The Magician’s Diaries: Fairy Anatomy

Hello my children,

Today we will be making a brief overview of the practices of the common garden fairy, known for their slender build and pestering capabilities. Firstly, I would like to clarify that all experiments and theoretical harm to my subjects has all been in the name of science and the development of our understanding of fairy anatomy.

Fairies, not to be confused with pixies or sprites (if you’re looking for greater clarification then you should already have taken field beasts 101) can be distinguished by their strange, animalistic cocooning rituals despite having an above-average humanoid wit. Unlike, say, a caterpillar, fairies go through the process of metamorphosis that will occur multiple times during their lifetime (or so I have been told).

When recovering from a traumatic injury, regrowing a lost limb, or simply to consummate a marital bond, they can magically induce this stasis and lay dormant for a few months up to many years within their cocoons. The process can best be translated into the common word as “waxing”, named after the amber-like waxy material which forms the outside casing of a fairy cocoon.

The common garden fairy is born with wings, but in order to have them grow strong and swift enough to evade human interaction or to outrun any other sort of beast one may find, it is important to remain incased for as long as possible. The longer they consume tree sap the more built they become.

The ideal spot of fairies to set up their cocoon are high, thin trees which are neither thick or spacious enough to support the nesting of birds. While in this cocooning state, fairies are incredibly vulnerable and are easiest to capture and experiment with (which is how I have been able to learn so much of their daily activities).

When creating these cocoons, fairies will attach themselves to the trees and, by molding with the bark and transmuting sap into amber, can form a small, chestnut-like protrusion from the tree. I was lucky enough to have been invited into a fairy colony, and every single tree appears as if it were infected with some sort of pox. I was in awe at how extensive the colony was, for every single bump represented a mischievous little soul born to protect their grove.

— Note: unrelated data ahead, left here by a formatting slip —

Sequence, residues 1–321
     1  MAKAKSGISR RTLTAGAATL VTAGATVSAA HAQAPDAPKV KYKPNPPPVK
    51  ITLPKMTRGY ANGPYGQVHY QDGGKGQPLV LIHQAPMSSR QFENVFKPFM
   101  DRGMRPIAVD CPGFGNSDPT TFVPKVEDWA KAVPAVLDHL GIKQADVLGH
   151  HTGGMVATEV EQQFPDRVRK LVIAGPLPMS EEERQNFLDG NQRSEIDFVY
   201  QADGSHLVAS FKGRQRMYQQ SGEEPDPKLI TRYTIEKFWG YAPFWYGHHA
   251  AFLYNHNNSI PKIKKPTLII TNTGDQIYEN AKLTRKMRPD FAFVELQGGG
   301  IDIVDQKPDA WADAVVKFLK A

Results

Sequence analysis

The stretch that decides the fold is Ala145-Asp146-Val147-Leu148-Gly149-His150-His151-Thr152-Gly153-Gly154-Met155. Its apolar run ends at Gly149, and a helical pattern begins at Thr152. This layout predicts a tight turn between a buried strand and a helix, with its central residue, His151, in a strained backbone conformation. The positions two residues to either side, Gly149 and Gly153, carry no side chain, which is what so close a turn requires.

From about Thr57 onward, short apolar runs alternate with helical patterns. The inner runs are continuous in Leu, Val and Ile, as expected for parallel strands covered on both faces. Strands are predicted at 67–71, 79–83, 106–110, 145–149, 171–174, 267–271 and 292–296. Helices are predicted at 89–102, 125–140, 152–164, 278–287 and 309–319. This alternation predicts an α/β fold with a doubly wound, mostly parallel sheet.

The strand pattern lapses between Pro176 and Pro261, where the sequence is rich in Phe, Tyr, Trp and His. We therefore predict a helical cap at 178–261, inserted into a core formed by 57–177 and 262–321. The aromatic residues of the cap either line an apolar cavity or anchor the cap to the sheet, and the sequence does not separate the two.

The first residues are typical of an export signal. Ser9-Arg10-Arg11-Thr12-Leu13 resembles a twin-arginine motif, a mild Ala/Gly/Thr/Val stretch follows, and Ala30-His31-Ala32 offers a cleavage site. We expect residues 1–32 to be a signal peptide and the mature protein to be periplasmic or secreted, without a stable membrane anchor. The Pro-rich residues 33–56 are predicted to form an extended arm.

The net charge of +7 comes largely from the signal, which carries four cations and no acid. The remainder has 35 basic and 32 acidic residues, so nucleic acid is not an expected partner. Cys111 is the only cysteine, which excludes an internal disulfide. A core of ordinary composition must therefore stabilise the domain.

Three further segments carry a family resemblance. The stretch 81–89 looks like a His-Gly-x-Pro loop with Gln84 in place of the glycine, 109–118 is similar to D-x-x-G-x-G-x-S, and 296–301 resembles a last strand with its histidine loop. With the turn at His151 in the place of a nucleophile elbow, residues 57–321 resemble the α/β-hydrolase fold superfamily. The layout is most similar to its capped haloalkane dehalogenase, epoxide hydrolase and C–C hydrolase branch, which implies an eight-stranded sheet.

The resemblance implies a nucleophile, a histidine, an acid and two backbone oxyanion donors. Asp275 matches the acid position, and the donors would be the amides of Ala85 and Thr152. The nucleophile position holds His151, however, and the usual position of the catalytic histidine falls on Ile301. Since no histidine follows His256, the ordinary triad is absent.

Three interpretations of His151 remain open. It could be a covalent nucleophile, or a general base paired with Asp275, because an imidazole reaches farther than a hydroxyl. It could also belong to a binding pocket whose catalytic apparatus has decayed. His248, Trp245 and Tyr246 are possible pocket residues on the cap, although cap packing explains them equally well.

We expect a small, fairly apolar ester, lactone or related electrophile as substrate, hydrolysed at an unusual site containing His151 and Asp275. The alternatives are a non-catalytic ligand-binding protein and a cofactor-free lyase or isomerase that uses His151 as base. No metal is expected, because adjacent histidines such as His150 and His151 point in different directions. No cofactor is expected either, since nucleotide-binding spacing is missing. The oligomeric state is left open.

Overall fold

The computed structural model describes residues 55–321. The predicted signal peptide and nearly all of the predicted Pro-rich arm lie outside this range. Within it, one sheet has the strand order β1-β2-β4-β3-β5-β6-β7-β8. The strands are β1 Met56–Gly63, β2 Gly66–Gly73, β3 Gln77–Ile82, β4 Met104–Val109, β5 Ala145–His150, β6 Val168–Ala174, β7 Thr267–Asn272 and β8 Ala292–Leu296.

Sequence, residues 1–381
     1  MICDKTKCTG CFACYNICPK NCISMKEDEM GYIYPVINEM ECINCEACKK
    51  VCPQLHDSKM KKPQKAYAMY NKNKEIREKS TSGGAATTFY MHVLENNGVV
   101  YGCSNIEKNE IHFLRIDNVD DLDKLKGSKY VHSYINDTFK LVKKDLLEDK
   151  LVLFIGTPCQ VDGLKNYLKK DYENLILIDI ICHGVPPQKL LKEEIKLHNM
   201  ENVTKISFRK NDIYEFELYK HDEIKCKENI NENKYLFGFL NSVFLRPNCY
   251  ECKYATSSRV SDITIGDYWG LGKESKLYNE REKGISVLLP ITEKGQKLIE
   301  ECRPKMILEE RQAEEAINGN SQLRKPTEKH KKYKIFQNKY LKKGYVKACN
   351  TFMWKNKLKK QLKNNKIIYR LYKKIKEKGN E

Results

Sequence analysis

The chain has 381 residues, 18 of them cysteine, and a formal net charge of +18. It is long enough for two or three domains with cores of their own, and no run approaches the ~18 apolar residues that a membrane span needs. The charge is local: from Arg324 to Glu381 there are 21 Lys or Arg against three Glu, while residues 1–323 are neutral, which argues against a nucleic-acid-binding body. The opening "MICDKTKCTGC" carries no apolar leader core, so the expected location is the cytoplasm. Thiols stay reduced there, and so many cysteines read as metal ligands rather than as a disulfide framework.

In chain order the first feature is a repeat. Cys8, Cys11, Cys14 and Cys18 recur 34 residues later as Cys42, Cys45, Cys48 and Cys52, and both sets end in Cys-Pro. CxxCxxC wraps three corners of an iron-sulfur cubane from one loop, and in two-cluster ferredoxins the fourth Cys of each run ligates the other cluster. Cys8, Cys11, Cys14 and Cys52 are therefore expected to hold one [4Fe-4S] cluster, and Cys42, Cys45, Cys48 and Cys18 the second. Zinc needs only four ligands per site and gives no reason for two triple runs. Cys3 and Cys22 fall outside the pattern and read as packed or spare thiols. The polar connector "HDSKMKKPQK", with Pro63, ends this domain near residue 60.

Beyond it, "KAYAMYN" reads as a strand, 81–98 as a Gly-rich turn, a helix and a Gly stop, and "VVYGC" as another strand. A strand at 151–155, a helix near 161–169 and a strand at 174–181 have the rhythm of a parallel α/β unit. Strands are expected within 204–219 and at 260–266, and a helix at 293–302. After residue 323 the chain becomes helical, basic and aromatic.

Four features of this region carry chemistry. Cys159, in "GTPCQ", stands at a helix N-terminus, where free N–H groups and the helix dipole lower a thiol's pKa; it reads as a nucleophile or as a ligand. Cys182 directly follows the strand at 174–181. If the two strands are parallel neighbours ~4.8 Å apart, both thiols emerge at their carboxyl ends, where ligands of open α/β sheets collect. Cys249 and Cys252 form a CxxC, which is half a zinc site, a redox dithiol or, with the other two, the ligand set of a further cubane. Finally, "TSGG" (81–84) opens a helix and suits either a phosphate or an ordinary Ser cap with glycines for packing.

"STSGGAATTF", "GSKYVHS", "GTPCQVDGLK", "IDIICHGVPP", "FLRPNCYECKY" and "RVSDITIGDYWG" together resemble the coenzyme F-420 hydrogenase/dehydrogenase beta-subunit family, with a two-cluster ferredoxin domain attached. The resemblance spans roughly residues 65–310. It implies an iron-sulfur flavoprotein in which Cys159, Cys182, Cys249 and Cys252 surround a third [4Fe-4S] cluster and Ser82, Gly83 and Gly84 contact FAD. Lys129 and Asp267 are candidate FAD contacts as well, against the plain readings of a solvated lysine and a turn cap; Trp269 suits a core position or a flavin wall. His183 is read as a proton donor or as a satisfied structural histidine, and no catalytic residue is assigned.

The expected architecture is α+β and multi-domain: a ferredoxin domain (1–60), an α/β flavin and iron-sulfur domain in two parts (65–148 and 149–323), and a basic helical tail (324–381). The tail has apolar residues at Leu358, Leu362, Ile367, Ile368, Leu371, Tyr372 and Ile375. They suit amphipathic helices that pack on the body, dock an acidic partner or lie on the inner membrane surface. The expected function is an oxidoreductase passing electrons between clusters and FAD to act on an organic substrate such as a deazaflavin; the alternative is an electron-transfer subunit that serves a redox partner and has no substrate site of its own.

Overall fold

Waxing itself can also signify the rebirth of a fairy into a new mortal vessel. As they are fey creatures, fairy spirits are tied directly to a localized collection of plants  and animals (such as a small grove). None of the individual accounts of my own have been able to specific memories before emerging from a cocoon, so one can infer that the inception of fair kind begins as they are let out from their initial husks into the world. However, while touring their home, I was unfortunately unable to make many concrete conclusions. Much of their magic is unknown and vague, which is frustrating to an academic like myself .

The fairy is quite the interesting creature. One the one hand, it embodies all that is true of magic in this world– power, intrigue, trickery, and all things which tempt the mortal. They exist as a metaphor for the very hubris that makes us human. At the same time as possessing such great power, they are light as a feather and can be crushed under the weight of a quick and decisive blow.

I hope to see you next time where I may elaborate more upon the subject of fairies.


Until next time,


-The Magician

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1 Comment on "The Magician’s Diaries: Fairy Anatomy"

22 days 22 hours ago

Woohoo, Thursday buddy! I love this concept. Thank you for teaching me some interesting facts about fairies!